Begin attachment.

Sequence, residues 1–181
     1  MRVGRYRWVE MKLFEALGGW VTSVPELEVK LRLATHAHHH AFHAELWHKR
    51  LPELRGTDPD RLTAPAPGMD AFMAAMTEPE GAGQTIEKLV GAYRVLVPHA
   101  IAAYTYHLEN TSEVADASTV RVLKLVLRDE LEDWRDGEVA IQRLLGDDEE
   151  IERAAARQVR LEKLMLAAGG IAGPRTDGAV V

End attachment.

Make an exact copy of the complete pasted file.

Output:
Sequence, residues 1–181
     1  MRVGRYRWVE MKLFEALGGW VTSVPELEVK LRLATHAHHH AFHAELWHKR
    51  LPELRGTDPD RLTAPAPGMD AFMAAMTEPE GAGQTIEKLV GAYRVLVPHA
   101  IAAYTYHLEN TSEVADASTV RVLKLVLRDE LEDWRDGEVA IQRLLGDDEE
   151  IERAAARQVR LEKLMLAAGG IAGPRTDGAV V